In recent weeks a number of members have raised a possible accounting issue over the treatment of rental income and the impact on distributions.
Authorised funds and some other funds in accordance with their fund documents are required to distribute all their income. Widespread rent holidays and rent deferrals will have a much greater impact on available cash than on accounting income where the effect will be spread. Funds may have a requirement to distribute but have insufficient cash.
We held a virtual meeting of accountants, fund managers, auditors, lawyers and others on 23rd June. After much discussion, we reached the following consensus.
The regulatory requirement for an authorised fund under COLL is that all net income must be distributed on an annual basis. Although judgement can be exercised on the amount distributed in interim distributions during the year, any undistributed net income for the year will need to be distributed in the final distribution. The net income for the year to be reflected in the annual statutory accounts will therefore be key. The IMA SORP defines the net income for the year and this forms the starting point in COLL for calculating the amount to be distributed. For funds that do not account under the SORP, the provisions of the fund documents will determine how much flexibility there is determining the amount to be distributed. Although we discussed the possibility of FCA and HMRC waivers in respect of the distribution requirement, we concluded that this is unlikely to be a realistic route to follow.
The recognition of rental income over the life of the lease is also not an area in which there is much flexibility. As was pointed out on the call, if leases are being extended as a result of negotiation of deferrals, rent holidays etc the income may be spread over a longer period. However, at present the terms may not yet have been agreed / documented so income recognition is likely to be based on the current lease terms.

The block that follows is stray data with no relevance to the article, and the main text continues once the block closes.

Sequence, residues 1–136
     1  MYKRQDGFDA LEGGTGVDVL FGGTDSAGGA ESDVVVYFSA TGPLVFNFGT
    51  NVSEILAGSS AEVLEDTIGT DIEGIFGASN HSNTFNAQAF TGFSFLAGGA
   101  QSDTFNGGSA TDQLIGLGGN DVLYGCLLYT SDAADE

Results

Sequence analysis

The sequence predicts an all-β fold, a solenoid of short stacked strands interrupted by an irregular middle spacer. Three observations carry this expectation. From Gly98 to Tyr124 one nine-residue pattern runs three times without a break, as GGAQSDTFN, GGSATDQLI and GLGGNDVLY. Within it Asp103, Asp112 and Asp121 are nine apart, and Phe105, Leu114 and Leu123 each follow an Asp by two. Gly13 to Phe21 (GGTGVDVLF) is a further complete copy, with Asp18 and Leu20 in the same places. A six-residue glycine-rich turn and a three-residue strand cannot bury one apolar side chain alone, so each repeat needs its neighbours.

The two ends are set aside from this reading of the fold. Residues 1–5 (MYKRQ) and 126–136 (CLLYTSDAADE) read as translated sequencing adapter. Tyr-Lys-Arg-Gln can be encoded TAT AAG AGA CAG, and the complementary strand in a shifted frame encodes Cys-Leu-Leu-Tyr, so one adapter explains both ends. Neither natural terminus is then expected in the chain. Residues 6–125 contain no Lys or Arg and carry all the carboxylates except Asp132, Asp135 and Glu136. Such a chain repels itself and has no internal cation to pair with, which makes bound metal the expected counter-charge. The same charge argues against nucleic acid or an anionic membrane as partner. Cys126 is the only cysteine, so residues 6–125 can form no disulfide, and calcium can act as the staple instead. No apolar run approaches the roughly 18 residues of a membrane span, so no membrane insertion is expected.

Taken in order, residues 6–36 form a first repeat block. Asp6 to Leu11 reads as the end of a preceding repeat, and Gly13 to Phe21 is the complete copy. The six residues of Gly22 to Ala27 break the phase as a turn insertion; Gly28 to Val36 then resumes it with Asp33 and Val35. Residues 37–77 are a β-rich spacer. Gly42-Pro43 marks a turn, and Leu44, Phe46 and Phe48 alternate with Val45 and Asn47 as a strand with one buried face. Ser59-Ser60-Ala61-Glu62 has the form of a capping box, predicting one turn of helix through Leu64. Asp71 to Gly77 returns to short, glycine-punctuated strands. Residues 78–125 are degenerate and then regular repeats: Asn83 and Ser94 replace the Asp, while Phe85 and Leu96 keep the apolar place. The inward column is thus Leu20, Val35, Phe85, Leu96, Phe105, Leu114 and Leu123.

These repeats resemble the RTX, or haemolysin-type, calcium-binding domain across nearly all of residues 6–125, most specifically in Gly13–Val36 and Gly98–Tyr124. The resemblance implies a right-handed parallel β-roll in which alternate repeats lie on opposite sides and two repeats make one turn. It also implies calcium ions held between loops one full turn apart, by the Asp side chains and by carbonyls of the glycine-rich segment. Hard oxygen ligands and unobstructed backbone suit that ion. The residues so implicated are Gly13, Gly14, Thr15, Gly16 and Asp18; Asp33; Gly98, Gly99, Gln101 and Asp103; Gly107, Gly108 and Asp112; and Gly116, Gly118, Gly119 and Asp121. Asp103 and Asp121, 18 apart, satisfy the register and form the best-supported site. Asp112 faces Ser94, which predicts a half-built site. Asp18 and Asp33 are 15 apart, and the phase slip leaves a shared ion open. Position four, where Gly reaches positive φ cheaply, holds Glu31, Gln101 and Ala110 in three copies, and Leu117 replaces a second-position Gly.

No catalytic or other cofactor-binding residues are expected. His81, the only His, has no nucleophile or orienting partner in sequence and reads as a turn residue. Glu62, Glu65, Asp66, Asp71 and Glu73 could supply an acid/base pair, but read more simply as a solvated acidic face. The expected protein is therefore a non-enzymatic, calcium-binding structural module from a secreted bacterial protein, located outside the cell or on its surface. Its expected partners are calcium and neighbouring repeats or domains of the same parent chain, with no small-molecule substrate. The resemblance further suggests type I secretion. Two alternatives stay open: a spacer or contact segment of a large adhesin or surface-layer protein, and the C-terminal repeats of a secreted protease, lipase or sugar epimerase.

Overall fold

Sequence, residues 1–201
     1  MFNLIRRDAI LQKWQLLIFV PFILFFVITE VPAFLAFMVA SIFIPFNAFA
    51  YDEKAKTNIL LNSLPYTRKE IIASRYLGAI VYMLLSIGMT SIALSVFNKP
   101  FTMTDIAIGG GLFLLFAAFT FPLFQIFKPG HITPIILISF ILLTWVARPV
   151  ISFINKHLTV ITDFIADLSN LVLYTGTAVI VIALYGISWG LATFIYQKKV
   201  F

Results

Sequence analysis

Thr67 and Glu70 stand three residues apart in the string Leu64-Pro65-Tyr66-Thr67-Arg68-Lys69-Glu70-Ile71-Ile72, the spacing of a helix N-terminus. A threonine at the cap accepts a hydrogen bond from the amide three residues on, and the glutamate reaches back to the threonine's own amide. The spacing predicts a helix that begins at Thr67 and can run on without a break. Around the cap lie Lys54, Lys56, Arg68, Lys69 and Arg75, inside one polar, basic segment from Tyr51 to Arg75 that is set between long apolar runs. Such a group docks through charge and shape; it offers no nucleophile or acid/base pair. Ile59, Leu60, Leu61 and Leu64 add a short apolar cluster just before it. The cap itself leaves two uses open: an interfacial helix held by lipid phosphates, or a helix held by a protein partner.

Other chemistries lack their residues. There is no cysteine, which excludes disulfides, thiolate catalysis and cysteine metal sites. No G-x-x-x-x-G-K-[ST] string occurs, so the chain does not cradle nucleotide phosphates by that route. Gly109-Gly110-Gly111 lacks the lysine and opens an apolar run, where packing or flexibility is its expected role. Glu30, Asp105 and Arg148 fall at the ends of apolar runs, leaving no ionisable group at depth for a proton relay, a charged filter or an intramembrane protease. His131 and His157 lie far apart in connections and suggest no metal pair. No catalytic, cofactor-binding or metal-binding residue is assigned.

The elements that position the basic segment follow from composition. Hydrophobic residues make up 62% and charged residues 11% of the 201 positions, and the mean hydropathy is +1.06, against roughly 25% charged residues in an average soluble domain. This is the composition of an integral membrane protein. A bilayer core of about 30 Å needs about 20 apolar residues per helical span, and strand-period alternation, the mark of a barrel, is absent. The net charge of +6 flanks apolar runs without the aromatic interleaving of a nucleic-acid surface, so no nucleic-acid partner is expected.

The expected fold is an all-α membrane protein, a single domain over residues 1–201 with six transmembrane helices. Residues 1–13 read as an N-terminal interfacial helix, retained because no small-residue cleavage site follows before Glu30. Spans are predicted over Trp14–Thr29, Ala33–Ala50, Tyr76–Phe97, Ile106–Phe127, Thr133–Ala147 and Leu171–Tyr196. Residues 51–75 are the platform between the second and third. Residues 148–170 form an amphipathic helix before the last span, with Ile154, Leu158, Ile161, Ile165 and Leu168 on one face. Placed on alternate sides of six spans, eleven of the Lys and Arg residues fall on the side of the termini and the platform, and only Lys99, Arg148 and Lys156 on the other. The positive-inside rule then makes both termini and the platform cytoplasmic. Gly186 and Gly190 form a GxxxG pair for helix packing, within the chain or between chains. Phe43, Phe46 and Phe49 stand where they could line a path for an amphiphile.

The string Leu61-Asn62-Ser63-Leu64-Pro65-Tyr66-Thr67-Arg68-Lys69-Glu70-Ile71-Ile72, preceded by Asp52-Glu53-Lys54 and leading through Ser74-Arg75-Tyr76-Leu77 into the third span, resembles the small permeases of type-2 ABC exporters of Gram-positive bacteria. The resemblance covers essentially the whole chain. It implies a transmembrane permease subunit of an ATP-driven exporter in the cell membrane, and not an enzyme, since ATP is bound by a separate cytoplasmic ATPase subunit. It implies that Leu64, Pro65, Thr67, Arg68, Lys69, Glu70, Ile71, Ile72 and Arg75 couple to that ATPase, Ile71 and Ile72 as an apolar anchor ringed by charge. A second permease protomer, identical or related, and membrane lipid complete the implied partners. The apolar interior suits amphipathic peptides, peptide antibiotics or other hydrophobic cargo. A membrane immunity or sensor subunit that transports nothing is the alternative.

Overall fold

In view of this, there are likely to be many cases where rental income is being recognised currently although no cash is received or indeed receivable currently if a deferral has been agreed. As the rental is recognised as income, there will be a corresponding debtor.
It is in assessing the recoverability of the debtor that judgement can be exercised. The IMA SORP requires a provision to be made where the receipt of rent is doubtful. Provisions for bad debts will need to be agreed with the auditors. In most cases, this is likely to require an analysis debtor by debtor as previous collection history is unlikely to be a reliable guide. Where there are pools of tenants with similar characteristics, it may be possible to determine bad debt provisions based on pools. The provision for bad debts will reduce the net income and the distribution. Whilst it is likely to be straight forward to establish the need to make a provision, determining the level of provision will be a difficult judgement. An inadequate provision will result in an excess distribution. Equally it would not be “treating customers fairly” to make an excessively large provision to depress NAV and deter redemptions. Obviously this will be less of an issue when funds are suspended but the expectation is that valuation uncertainty and fund suspensions will be lifted before rents return to normal.
If you wish to comment on the following you can do so through the AREF Member online forum where this discussion has been posted.